My research is informed by my professional experience as a journalist as well as my long-standing interest in technology, computer programming, and digital data, and applies a scholarly lens to the changing natures of journalism and how we study it. Specifically, my research explores three distinct but interconnected streams: (1) the reconfiguration of journalism, (2) the development of digital research methods, and (3) the mediation of public and foreign affairs.

The first stream is driven by the following overarching question: How is journalism changing and being changed by the adoption of new information technologies, the proliferation of technology-oriented actors in newsrooms, and a greater emphasis on data? I have explored this stream of research by looking at how news innovators are reimagining the intersection of journalism and technology, and specifically networked discursive spaces on news sites, as well as how sourcing practices are evolving in an era of networked digital media. In addressing this question, I have turned to theories pertaining to news innovation, boundary objects, and the public sphere. Additionally, I have participated in the study of the grassroots group Hacks/Hackers and the concept of "hacker journalism." I recently explored the extent and nature of the impact audience metrics are having on the presentation of news content. This stream has been particularly useful in furthering scholars’ understanding of the social role and impact of technology on professional media practice and products.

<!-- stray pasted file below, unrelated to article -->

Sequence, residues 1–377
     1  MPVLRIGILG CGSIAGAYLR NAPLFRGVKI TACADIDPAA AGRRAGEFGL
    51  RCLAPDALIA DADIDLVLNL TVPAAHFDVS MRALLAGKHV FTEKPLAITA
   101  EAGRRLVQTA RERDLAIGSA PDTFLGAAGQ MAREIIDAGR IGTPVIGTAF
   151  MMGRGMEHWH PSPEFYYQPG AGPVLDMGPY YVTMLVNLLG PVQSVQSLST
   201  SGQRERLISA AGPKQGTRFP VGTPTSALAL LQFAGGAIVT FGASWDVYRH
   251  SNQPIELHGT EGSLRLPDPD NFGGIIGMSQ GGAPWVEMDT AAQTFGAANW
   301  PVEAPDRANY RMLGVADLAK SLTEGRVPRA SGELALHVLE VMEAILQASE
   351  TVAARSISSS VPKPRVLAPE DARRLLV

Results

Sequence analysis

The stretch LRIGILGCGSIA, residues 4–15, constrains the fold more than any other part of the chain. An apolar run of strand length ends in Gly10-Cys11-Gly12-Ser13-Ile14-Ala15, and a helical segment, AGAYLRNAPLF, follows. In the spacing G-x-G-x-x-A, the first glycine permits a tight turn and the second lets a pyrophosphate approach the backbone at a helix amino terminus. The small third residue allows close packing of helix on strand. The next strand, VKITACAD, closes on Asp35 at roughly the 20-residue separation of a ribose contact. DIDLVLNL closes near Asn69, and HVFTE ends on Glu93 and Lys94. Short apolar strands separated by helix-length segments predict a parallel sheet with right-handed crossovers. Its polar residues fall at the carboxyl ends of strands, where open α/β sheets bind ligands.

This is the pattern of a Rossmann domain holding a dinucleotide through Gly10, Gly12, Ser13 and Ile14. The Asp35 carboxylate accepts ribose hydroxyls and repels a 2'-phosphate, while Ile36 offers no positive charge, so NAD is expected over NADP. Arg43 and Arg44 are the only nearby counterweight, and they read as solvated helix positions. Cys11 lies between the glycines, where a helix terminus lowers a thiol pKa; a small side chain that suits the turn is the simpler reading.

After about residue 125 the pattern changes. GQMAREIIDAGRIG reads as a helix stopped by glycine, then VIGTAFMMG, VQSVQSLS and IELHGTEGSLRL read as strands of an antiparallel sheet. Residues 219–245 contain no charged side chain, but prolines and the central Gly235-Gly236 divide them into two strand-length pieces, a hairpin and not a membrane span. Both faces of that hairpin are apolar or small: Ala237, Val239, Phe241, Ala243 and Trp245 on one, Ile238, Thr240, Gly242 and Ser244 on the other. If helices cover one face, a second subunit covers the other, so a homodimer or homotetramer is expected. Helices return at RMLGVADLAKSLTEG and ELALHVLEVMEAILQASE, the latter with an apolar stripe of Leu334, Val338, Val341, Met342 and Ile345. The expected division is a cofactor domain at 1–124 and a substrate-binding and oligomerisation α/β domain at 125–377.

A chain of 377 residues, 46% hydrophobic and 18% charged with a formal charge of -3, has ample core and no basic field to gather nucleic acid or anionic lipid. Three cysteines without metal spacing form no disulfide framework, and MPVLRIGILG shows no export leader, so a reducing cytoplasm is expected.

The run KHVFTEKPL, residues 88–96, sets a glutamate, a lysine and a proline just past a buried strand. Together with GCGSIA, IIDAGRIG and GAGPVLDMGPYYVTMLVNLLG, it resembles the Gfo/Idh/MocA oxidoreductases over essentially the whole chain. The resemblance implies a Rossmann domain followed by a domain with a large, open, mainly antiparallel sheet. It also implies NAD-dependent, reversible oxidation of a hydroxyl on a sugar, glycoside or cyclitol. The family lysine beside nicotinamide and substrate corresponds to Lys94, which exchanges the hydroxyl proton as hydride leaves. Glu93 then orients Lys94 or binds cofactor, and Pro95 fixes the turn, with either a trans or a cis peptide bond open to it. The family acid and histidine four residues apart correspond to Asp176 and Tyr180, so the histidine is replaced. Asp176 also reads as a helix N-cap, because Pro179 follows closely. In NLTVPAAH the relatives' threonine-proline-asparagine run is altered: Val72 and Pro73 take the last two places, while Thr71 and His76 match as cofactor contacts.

The second stream is primarily methodological in nature and focuses on the development and refinement of research methods in mass communication research. It is driven by the following organizing question: What does the emergence of computational social science mean for mass communication research, and how can researchers leverage computational methods to tackle novel questions and engage in more rigorous work? My work in this area has been largely influenced by my experiences conducting empirical research and my computer programming expertise. Specifically, I have conceptually explored the method of content analysis in an era of large datasets and amidst a turn toward computational social science, focusing on the development of a hybrid approach that harmonizes computational and manual applications of content analysis. I recently developed a computational approach for automatically capturing and analyzing aesthetic features of "liquid" online content, focusing on assessing changes on the homepages of various news organizations. These works have been particularly useful in helping scholars understand how computational methods can be effectively used to enhance traditional approaches to mass communication research. I have also conducted research looking at how changes in media use impact the quality of research using traditional methods.

The third stream is focuses on public and international affairs are mediated, and is driven by the following organizing question: How do news media interpret and disseminate news content pertaining to foreign affairs? This work is primarily influenced by theories of gatekeeping, agenda-setting, and framing, and often incorporates a comparative framework crossing boundaries. Among this work are cross-national comparisons of the news coverage of climate change, the 2011 Egyptian revolution, and immigration, as well as the exploration of the key contextual determinants of foreign nation visibility and the constituents of the U.S. 'elite press.' These studies have advanced scholarly understanding of the mediation of public and foreign affairs and its implications for public understanding, as well as the impact of macro-level factors on media content.


Other Research

For a complete, up-to-date list of conference presentations, book chapters, and workshops, please see my Curriculum Vitae